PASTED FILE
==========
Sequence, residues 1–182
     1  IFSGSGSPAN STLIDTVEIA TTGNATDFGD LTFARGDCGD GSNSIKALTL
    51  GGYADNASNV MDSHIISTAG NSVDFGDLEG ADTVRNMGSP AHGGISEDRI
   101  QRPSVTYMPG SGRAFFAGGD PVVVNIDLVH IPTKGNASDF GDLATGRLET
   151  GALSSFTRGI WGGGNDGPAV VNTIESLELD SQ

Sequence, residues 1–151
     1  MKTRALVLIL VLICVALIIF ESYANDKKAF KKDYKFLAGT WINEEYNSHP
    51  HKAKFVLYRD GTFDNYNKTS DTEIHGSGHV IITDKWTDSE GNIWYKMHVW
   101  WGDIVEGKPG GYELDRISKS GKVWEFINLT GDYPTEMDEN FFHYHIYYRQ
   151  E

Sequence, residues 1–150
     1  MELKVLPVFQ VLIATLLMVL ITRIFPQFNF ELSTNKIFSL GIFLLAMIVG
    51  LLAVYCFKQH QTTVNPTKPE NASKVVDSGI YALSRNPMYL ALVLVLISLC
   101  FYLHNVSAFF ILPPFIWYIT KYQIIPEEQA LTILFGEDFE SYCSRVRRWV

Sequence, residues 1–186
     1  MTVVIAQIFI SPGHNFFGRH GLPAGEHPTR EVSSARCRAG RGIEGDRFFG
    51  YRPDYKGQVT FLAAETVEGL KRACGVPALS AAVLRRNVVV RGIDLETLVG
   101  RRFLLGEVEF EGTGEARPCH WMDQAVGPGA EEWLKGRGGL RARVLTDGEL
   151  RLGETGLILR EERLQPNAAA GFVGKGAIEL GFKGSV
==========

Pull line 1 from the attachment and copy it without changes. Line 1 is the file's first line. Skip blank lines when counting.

Sequence, residues 1–182